Rob Price
Gutbrain Records
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2010 March 19 • Friday

The offensives of 1915–17 and the strategic bombing of 1939–45 mattered less for their immediate military outcomes than for the lasting collective trauma they inflicted. The Napoleonic campaigns had a similar dimension. After Moscow was occupied, sacked and burned, survivors tried for the rest of the century to articulate the impressions seared into their memories. They recalled bitterly that their governor had lied to them, claiming falsely that their city was secure. As the enemy approached, some noblemen fled disguised as women so no one would make them stay and fight. The French defecated in Orthodox churches and used icons for target practice. Napoleon's Polish troops attacked Russian civilians. Civilians casually perpetrated dreadful violence against defenceless enemy soldiers. The firestorm that consumed the city created such heat that glass melted and flocks of pigeons fell from the sky. An old woman refused entreaties to leave her burning house: dressed as though for her own funeral, she lit the lamps in front of her icons and calmly declared that the smoke would surely suffocate her before the flames could burn her alive. After the French withdrew, hordes of peasants plundered what was left of Moscow. Later, the Russians collected the rotting remains of 11,955 humans and 12,360 horses; "for several weeks", an eyewitness recalled, "the police were burning them by the banks of the river and sweeping the ashes into the water".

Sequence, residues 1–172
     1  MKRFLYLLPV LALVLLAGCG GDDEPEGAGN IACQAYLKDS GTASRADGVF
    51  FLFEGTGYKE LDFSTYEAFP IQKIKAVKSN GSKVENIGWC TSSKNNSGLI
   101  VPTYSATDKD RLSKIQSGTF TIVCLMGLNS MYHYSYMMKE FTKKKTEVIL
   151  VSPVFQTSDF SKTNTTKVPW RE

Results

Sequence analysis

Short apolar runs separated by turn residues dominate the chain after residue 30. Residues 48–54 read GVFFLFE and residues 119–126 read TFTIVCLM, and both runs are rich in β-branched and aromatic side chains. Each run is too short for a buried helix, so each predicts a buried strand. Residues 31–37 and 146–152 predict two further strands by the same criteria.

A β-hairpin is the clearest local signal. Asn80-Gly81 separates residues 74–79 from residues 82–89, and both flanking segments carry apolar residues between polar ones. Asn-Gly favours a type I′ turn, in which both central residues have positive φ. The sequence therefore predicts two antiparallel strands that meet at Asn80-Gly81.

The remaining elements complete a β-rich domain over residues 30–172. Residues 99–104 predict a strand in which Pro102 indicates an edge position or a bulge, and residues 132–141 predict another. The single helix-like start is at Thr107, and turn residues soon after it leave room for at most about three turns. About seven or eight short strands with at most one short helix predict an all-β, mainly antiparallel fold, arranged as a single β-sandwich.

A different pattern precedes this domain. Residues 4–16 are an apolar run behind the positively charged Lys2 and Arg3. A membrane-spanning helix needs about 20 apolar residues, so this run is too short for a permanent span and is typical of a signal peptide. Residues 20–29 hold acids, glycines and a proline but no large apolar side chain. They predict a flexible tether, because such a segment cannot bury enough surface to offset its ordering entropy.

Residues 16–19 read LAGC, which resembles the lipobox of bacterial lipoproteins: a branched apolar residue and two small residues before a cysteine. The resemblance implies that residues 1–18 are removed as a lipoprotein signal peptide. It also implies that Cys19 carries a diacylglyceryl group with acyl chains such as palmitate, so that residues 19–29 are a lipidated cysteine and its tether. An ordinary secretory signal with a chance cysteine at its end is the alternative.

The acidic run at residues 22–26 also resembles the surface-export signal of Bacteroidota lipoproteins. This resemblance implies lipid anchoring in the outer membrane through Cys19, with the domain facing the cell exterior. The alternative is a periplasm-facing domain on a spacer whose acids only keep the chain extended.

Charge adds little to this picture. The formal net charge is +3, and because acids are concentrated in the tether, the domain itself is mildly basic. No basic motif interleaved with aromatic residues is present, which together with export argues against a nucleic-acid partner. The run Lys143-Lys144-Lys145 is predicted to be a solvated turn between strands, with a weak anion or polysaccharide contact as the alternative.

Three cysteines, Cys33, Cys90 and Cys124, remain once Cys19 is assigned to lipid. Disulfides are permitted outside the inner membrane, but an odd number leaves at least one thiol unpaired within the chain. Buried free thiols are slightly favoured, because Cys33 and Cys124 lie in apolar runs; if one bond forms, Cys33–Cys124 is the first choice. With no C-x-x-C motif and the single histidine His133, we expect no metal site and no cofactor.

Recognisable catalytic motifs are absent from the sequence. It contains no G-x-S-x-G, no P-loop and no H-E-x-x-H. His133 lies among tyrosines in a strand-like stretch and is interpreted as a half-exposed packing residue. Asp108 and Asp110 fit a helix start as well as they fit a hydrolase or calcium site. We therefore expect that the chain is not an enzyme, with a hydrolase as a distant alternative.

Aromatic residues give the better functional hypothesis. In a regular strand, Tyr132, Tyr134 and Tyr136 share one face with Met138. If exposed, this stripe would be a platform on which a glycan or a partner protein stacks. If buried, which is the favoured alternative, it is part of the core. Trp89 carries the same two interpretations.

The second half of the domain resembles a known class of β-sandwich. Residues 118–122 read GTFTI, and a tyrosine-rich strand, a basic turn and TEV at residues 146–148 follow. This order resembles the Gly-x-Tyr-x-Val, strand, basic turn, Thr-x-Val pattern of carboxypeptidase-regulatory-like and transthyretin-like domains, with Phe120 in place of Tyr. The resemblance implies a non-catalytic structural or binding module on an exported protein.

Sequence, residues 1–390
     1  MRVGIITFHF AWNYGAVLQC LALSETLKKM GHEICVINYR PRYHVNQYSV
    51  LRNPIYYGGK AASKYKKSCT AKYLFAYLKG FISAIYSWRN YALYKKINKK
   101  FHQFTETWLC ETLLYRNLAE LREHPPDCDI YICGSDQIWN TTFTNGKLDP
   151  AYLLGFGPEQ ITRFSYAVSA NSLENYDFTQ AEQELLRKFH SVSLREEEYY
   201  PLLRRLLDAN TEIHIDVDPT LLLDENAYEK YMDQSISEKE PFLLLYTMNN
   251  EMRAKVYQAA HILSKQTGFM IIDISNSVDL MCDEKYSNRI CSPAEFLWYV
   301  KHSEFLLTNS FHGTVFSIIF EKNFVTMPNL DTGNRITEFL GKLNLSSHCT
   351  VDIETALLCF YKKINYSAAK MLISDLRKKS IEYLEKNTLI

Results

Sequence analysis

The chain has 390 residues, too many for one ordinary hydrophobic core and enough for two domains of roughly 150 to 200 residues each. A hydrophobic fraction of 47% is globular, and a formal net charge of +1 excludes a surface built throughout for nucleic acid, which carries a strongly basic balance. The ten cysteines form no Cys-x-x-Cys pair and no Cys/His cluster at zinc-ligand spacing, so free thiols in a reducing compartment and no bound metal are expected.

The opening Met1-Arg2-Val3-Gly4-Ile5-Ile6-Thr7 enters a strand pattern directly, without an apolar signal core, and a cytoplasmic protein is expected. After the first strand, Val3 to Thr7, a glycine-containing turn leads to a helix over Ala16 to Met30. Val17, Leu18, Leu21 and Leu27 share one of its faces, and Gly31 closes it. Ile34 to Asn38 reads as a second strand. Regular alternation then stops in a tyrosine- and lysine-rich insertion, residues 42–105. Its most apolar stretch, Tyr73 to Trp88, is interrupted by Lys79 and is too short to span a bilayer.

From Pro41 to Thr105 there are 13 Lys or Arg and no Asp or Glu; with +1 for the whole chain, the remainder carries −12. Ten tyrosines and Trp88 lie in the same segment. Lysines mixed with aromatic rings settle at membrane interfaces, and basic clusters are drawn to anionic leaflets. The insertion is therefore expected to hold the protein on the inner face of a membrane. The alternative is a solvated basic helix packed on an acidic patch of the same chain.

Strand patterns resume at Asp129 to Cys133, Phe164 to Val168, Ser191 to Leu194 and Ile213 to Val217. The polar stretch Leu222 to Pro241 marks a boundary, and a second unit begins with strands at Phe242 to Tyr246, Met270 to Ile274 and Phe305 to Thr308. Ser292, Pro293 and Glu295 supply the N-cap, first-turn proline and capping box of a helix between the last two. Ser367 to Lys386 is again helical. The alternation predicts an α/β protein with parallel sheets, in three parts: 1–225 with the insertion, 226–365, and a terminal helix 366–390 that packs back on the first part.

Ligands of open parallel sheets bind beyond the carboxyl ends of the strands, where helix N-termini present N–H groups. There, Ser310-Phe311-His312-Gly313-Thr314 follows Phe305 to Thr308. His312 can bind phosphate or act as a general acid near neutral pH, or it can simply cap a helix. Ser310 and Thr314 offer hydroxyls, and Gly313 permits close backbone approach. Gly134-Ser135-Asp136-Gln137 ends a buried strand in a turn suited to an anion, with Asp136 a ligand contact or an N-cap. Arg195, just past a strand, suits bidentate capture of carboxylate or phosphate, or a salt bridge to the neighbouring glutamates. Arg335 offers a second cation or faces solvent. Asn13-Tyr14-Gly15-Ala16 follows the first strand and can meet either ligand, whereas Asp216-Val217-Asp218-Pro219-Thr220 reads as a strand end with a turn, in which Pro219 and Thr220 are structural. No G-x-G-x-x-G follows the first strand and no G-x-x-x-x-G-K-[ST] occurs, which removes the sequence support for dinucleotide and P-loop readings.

—Alexander M. Martin, Times Literary Supplement (November 20, 2009)